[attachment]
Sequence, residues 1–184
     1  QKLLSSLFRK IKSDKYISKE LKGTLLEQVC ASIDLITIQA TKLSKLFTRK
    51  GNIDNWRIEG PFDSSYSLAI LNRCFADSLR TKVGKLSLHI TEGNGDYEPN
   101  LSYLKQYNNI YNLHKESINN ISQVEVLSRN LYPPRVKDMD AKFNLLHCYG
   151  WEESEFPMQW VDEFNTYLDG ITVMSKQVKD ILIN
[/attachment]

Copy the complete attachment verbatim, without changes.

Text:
Sequence, residues 1–184
     1  QKLLSSLFRK IKSDKYISKE LKGTLLEQVC ASIDLITIQA TKLSKLFTRK
    51  GNIDNWRIEG PFDSSYSLAI LNRCFADSLR TKVGKLSLHI TEGNGDYEPN
   101  LSYLKQYNNI YNLHKESINN ISQVEVLSRN LYPPRVKDMD AKFNLLHCYG
   151  WEESEFPMQW VDEFNTYLDG ITVMSKQVKD ILIN